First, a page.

Want to know the weather in New York? Assistant will tell you. Want to know what it’s going to be like in Austin? Ask, “What about in Austin?” and Assistant will tell you the weather in Austin without your having to ask that specific question. It’s this kind of speech capability that Google wants Assistant to have regardless of what questions you ask.

A team player

If you’re really crazy about Home, you might decide to set up several in your home. After all, the one in your kitchen won’t be able to hear you in your bedroom. To that end, Google allows you to group your various Home devices. With such a setup you can play synchronized music throughout your house in every room with a Home. You can even group Chromecast Audio-connected speakers so that they play along with your Homes.

Different Google Home styles.
A pair of Google Home devices. Homes? Homies?

During one demo, I was able to tell one Home to play music, ask the other a question and play a YouTube video via Google’s new Chromecast Ultra. Home is expected to work across a host of smart home-connected devices and apps, but at the moment it only works with those made by a handful of companies including Philips, Samsung, Nest and IFTTT. Amazon’s Echo and Alexa voice assistant, which have been on the market much longer, already work across a wide array of smart home devices. If Google is going to catch up, it needs to get more manufacturers on board fast.

Answering life’s questions and more

Google Assistant doesn’t just make it easier to dim the lights and put on some soothing mood music. It can also answer questions like, “Why am I so lonely?”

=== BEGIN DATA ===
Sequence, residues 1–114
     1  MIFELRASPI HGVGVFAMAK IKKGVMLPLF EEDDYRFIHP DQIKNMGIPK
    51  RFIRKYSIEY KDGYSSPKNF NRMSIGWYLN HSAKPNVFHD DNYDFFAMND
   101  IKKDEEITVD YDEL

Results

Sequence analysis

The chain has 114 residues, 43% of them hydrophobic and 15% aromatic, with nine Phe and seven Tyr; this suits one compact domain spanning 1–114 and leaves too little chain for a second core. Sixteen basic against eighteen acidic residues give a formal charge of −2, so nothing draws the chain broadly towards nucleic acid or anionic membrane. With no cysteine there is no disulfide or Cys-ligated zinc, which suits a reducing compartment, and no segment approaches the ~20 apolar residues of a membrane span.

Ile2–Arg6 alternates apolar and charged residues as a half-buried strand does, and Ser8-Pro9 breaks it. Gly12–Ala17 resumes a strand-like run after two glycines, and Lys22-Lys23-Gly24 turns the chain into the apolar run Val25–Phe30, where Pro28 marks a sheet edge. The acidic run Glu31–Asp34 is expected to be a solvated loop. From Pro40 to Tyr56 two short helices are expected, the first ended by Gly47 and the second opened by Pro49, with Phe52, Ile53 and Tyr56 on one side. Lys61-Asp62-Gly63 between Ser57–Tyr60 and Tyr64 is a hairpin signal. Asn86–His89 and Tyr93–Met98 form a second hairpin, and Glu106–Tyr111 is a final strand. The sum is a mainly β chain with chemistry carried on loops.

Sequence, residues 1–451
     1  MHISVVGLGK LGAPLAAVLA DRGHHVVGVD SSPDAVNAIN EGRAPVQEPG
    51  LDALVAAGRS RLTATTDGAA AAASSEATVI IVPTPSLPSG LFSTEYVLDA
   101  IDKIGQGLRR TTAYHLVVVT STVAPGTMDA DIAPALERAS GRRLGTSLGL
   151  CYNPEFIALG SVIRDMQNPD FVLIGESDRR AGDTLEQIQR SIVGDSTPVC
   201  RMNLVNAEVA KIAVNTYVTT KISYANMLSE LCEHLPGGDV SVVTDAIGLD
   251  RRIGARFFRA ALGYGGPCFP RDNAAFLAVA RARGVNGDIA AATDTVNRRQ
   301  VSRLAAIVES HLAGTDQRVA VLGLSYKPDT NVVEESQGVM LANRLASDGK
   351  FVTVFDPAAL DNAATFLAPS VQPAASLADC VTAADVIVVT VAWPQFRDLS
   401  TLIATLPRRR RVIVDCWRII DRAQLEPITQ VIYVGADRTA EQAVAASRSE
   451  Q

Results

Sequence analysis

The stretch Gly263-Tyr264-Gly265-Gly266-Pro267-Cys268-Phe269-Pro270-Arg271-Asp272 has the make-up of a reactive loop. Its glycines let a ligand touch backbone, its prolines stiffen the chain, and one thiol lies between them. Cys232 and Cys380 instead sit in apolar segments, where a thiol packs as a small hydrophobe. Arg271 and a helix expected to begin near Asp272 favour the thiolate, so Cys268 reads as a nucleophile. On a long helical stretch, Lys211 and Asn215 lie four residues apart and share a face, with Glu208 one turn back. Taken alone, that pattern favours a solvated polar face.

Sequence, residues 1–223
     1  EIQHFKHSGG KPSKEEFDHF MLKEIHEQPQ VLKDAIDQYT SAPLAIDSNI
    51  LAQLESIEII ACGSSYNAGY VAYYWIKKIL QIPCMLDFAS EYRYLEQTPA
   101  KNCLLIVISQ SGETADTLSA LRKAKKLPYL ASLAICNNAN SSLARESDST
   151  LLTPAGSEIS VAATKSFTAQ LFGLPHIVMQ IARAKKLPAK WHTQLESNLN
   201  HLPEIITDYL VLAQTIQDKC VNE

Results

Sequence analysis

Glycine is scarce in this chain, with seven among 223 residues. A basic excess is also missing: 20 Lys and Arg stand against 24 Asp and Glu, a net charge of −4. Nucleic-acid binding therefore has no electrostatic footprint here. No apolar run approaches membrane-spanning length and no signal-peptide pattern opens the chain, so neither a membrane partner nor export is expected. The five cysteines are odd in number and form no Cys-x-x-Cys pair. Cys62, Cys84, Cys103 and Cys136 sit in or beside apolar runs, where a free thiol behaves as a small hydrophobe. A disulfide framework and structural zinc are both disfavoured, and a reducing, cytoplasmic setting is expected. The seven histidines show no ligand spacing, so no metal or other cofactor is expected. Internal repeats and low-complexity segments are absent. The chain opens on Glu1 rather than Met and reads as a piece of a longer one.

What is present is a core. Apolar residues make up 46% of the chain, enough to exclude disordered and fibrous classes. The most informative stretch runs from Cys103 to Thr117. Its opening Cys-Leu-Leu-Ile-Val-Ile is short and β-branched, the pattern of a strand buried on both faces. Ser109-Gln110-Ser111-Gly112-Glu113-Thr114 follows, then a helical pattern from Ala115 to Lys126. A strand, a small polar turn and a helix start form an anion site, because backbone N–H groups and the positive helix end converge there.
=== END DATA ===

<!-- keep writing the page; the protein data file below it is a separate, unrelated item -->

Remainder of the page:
Okay, it might not have the answer to that, but it can provide you with answers about a variety of topics ranging from sports scores and celebrity birthdays to how to deep-fry a turkey. The assistant can also provide you with your daily schedule, and it can let you add items to your shopping list that you can then pull up on your smartphone. It can also tell you when your next meeting is, what time you should leave and give you the fastest route to get there.

What’s especially impressive is how well Google Home understands you. The device’s built-in far-field microphone and neural beamforming allow Home to hear what you’re saying even while you’re blasting the crunchiest thrash metal. That’s because Google taught Home to understand the difference between a human voice and background noise. It’s actually pretty impressive to see in person. It’s also worth pointing out that Home’s speakers are top notch. I was listening to Adele in a crowded hall and it still sounded wonderful.

Google Home's internal speakers.
The Google Home’s internal speakers

Google Home doesn’t just work via voice, though. There’s the aforementioned smartphone app, as well as a touch-sensitive top panel. If you want to mute your music and can’t tell Home to do it with your voice, for example, you can simply tap the device. Want to raise or lower the volume manually? You can swirl your finger around Home’s top panel and a series of indicator lights will come to life telling you how loud Home’s volume is.

A Home in every home?

Home has a lot of ground to make up if it’s going to take on Amazon’s Echo. Not only is Google late to the game, but we also still don’t have a full list of products the device works with. It’s clear that Google is just getting into the swing of things with Google Assistant and home automation.

Google does, however, have the benefit of its Home costing just $130, while the full-size Amazon Echo costs $180. There’s also the smaller Amazon Echo Dot for $50, but its speaker isn’t nearly as loud as the full-size Echo (though it can connect to larger speakers).

For now, it’s too early to say whether Home will be a success, but I’ll have more insight when I get my hands on it some more in the coming weeks.

More from Google’s keynote:

Email Daniel at; follow him on Twitter at @DanielHowley.